Sferisterio di Macerata
||This article includes a list of references, related reading or external links, but its sources remain unclear because it lacks inline citations. (November 2012)|
An ancient Italian national sport or pallone col bracciale was the most popular sport in Italy for almost five centuries. This game dated back to the 15th century. The people of Macerata decided that they needed somewhere large to play and watch it; a place that could also be used for public spectacles such as circuses and even bull fights. One hundred citizens raised the money themselves, and got Ireneo Aleandri to design and build it. The design involved the destruction and rebuilding of some of the historic city walls next to the Porta Mercato gate.
The strait side of the arena is a wall 18 metres high and 88 metres long, along which is a line of arches separated by 56 columns carrying a double row of boxes, and a stone gallery, all in Neoclassical style.
Over the years the popularity of pallone decreased and that of football replaced it. In 1919 the surface was levelled to allow for this, and also for tennis courts. The arena had been used for the occasional theatrical event from 1871, but from about 1914 opera began to be put on there.
Present day use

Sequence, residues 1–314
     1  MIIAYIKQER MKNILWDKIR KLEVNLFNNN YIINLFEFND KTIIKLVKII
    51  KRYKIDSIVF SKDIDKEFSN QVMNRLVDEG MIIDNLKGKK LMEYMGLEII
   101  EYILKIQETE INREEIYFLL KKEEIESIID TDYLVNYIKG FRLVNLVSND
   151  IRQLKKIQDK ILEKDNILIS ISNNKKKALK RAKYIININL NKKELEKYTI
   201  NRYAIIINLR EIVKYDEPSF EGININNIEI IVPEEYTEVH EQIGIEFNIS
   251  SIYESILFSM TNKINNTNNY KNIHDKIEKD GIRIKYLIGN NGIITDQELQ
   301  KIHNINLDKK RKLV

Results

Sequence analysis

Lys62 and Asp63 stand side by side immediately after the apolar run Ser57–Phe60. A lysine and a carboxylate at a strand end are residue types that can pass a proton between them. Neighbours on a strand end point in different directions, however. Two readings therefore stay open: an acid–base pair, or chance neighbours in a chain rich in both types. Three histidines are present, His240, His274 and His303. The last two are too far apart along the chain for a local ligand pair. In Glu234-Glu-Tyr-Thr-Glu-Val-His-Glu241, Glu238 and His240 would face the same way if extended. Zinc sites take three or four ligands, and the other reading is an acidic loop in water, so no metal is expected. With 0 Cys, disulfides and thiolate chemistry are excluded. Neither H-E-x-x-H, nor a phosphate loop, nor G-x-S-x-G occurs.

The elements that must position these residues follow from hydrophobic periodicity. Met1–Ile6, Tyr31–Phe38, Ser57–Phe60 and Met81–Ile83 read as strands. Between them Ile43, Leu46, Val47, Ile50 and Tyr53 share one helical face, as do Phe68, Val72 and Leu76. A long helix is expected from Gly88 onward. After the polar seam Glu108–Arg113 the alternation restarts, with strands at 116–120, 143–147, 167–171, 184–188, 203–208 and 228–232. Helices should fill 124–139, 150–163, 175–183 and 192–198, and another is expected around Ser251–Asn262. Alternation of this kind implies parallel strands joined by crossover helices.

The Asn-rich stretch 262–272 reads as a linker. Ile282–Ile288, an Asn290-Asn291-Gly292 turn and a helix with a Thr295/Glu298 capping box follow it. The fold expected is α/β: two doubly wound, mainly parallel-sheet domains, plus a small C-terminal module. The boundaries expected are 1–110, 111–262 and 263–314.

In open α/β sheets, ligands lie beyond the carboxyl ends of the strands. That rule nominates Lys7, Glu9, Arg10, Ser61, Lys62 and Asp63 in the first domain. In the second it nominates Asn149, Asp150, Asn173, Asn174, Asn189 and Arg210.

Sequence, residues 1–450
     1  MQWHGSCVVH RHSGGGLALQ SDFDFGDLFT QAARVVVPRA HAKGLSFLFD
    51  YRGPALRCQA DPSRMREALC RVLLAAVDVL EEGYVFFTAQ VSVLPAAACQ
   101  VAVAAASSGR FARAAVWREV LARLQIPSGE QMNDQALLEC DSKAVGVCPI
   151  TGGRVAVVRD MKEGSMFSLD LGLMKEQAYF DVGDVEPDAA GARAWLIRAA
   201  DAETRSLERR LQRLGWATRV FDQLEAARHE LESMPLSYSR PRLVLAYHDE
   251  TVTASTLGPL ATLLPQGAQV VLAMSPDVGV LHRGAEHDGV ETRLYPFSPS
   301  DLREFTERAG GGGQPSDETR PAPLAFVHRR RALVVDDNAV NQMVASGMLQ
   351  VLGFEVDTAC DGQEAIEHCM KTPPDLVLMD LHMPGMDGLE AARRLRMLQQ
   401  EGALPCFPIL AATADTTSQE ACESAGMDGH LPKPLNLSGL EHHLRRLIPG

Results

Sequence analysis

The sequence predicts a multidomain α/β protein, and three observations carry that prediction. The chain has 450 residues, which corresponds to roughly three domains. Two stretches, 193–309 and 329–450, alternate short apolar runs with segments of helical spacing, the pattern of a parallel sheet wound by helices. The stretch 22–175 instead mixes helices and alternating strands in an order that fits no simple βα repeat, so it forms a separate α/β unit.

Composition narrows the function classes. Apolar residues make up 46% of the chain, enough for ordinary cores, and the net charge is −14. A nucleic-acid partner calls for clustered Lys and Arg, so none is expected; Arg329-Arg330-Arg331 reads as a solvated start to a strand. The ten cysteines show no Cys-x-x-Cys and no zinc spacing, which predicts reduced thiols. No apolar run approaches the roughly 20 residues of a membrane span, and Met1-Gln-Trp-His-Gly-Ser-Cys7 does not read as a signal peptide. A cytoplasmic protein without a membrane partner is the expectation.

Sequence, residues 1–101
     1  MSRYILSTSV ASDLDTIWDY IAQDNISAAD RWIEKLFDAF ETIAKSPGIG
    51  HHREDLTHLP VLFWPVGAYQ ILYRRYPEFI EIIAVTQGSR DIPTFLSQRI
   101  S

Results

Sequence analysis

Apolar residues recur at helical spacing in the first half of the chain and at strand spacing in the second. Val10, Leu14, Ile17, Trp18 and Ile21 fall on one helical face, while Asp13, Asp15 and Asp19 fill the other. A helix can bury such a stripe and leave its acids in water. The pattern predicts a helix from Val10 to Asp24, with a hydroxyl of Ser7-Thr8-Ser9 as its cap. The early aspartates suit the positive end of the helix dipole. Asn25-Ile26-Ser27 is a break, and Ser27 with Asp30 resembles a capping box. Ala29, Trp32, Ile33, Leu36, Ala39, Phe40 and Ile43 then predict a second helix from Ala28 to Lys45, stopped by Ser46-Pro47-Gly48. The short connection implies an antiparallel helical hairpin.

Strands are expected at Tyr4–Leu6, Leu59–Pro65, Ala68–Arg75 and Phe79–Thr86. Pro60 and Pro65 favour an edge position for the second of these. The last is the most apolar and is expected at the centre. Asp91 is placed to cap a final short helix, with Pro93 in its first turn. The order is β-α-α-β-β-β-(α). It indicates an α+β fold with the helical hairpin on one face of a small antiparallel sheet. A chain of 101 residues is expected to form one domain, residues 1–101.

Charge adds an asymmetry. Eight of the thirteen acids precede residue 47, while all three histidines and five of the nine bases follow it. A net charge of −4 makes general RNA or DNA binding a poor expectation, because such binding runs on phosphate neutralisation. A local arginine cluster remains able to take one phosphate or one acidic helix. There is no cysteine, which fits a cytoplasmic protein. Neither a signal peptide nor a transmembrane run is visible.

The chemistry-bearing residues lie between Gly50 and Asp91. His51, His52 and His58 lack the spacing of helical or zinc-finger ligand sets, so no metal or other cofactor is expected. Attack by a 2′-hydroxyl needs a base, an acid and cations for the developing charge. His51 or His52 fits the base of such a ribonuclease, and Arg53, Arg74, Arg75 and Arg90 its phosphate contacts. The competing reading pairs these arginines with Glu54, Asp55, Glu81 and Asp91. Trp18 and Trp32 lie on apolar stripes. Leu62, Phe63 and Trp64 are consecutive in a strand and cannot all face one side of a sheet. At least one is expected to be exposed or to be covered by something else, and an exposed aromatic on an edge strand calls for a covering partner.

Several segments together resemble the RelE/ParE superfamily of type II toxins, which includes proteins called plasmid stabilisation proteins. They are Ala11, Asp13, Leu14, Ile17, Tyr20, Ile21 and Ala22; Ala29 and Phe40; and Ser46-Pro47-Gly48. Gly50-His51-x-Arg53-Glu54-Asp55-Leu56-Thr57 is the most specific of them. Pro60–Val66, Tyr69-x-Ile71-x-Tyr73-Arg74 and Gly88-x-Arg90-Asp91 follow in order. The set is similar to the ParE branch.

In 1921, as the first presentation of what would become the Sferisterio Opera Festival, Pieralberto Conti staged Verdi's Aida paid for by the soprano, Francisca Solari. This was followed by all parts of the arena, both front- and back-stage, being renovated and electricity introduced.
Today it holds an audience of over 3,000. The stage is 14.5 meters deep and 40 meters wide, with 10 meter wings each side of that. It is rather unusual shape for musical performances (musicians at each end of the pit cannot hear each other) but the acoustics are surprisingly good (at least near the middle).
The present day opera festival, beginning in the late 1980s and under the auspices of the Macerata Opera, takes place in this location
- Zeitz, Karyl Lynn, Italian Opera Houses and Festivals, Lanham, Maryland: The Scarecrow Press, Inc., 2005. ISBN 0-8108-5359-0